Through a partnership with the Association of Fish and Wildlife Agencies, Houston Audubon offers Flying WILD program training for educators. Through activities involving language arts, social science and math experiences, coupled with community outreach and service learning applications, Flying WILD offers a whole-school approach to environmental education using birds as the focus. Flying WILD activities can be tailored to all grade levels from preK – 12th grade and encourages increased environmental stewardship among youth by offering practical hands-on classroom and outdoor field investigation experiences and connecting them to bird biology, conservation, and natural history. Special emphasis is placed on creating an approach that is readily adaptable for urban schools, often with underserved students who traditionally receive few opportunities to participate in environmental education initiatives. Workshops are for formal and informal educators, and all participants receive CPE hours from TEA.
Flying WILD Resources
Would you like to teach your students, children, or grandchildren about birds? These materials have been compiled by the Houston Audubon education team to help you along the way.
- Flying WILD: on the Association of Fish and Wildlife Agencies website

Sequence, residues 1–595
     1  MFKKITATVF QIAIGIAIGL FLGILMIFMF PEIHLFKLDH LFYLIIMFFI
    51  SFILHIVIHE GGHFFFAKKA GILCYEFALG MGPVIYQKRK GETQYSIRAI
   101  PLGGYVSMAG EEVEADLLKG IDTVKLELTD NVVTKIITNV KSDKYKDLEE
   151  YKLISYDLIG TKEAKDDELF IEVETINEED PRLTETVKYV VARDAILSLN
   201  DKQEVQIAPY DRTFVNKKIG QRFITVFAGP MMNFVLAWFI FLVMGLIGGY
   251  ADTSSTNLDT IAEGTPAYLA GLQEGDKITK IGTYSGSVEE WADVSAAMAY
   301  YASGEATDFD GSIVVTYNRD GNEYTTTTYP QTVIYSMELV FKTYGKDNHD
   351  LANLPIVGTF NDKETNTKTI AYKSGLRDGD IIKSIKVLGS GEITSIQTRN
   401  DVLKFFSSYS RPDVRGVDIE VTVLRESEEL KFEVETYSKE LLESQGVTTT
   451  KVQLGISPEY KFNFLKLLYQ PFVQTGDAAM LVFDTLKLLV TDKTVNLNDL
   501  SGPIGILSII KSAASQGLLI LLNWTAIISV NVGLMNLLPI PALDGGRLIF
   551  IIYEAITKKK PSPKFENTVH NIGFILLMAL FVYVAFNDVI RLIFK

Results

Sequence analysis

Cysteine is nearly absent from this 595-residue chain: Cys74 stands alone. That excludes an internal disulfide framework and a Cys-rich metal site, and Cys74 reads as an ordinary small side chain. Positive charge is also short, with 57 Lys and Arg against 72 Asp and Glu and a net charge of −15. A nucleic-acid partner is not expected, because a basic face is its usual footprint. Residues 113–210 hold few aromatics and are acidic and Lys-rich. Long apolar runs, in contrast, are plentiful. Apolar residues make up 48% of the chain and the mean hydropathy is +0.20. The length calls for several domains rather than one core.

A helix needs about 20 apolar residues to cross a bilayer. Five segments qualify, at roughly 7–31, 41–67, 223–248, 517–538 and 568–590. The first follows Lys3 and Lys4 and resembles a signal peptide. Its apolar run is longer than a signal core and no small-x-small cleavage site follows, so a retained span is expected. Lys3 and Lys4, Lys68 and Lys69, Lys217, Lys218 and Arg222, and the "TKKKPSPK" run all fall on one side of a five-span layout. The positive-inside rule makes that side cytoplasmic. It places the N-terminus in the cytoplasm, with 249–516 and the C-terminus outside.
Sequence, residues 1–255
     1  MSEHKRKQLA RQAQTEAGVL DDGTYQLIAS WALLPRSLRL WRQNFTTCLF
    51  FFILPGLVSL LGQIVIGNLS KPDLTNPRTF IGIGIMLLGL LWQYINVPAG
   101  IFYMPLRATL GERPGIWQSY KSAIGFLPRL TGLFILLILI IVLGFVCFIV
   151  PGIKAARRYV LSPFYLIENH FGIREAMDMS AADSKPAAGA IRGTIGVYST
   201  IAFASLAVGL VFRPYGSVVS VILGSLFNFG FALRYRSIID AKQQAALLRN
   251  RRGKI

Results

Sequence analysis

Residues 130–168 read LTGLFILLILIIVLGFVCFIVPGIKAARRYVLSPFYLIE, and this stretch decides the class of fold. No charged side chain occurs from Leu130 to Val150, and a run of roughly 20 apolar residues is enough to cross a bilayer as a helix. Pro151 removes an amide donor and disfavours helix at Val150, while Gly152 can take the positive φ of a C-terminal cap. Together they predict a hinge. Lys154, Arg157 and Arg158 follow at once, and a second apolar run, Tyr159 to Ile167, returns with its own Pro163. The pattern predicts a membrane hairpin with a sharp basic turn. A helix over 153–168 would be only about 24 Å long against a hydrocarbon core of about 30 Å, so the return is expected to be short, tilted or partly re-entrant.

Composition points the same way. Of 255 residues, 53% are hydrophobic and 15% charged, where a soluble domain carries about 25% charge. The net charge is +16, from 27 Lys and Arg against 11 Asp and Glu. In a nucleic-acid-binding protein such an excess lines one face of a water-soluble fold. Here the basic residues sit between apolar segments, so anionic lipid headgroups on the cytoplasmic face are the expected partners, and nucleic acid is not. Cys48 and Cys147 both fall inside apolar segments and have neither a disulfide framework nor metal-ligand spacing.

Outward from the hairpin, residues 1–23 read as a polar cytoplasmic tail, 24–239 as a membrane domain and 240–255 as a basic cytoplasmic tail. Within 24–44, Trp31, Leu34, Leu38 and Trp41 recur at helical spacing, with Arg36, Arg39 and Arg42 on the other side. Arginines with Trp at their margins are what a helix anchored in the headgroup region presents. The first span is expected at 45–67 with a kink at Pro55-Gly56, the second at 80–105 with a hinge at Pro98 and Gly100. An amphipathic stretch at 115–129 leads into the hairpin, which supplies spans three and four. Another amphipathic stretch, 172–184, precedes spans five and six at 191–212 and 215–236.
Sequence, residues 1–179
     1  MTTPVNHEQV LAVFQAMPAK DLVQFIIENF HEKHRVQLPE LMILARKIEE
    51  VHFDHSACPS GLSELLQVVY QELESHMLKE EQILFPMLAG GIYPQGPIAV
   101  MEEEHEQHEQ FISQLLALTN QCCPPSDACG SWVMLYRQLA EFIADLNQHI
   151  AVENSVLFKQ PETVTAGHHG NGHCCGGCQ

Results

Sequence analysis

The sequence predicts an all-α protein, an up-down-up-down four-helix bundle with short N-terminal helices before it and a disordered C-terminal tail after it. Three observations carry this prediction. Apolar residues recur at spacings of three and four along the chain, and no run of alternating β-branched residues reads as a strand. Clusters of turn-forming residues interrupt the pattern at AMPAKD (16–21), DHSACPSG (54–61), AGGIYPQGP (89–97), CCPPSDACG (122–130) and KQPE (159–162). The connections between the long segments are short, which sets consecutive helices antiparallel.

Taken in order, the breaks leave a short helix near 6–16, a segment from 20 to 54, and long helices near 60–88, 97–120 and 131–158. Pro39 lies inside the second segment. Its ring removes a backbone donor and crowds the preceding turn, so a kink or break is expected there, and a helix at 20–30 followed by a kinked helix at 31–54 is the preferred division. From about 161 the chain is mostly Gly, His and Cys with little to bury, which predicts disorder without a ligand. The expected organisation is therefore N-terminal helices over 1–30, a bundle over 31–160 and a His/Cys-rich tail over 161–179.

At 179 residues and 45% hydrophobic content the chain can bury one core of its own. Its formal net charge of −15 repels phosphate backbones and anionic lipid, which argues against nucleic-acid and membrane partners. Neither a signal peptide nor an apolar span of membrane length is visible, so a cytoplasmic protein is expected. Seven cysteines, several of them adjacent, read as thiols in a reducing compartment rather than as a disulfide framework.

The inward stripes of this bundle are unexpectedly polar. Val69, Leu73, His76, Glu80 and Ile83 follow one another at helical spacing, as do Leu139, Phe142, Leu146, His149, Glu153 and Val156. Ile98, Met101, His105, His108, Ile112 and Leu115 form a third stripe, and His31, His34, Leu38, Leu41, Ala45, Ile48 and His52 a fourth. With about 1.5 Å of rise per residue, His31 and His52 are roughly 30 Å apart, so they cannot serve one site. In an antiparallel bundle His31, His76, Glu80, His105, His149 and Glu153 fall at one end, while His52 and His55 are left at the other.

- Bird Education Network (BEN): Bird Conservation through Education
- Bayou City Birding Zines and Posters: A fun resource for Houston Birds prepared by the White Oak Bayou Association.
- Growing Up Wild: Exploring Nature with Young Children. Designed for ages 3-7.
- No Child Left Inside: Houston Audubon is proud to be a member of the No Child Left Inside Coalition. The coalition is a broad-based organization made up of more than 175 member groups from across the United States, who represent tens of millions of members. The NCLI Coalition speaks for a diverse group of Americans who believe young people should receive a strong education about their natural world. The Coalition's focus is passage of the federal No Child Left Inside Act. This legislation would authorize major new funding for states to provide high-quality, environmental instruction. Funds would support outdoor learning activities both at school and in non-formal environmental education centers, teacher training, and the creation of state environmental literacy plans. For more information and ways to help, please consult the NCLI website.